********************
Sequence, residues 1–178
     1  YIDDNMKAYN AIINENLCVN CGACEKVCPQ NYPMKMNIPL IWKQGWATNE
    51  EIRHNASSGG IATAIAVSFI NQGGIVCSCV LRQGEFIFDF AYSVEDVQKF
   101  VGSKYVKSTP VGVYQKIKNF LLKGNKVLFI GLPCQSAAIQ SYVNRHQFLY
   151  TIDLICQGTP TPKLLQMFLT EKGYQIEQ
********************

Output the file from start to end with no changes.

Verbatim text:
Sequence, residues 1–178
     1  YIDDNMKAYN AIINENLCVN CGACEKVCPQ NYPMKMNIPL IWKQGWATNE
    51  EIRHNASSGG IATAIAVSFI NQGGIVCSCV LRQGEFIFDF AYSVEDVQKF
   101  VGSKYVKSTP VGVYQKIKNF LLKGNKVLFI GLPCQSAAIQ SYVNRHQFLY
   151  TIDLICQGTP TPKLLQMFLT EKGYQIEQ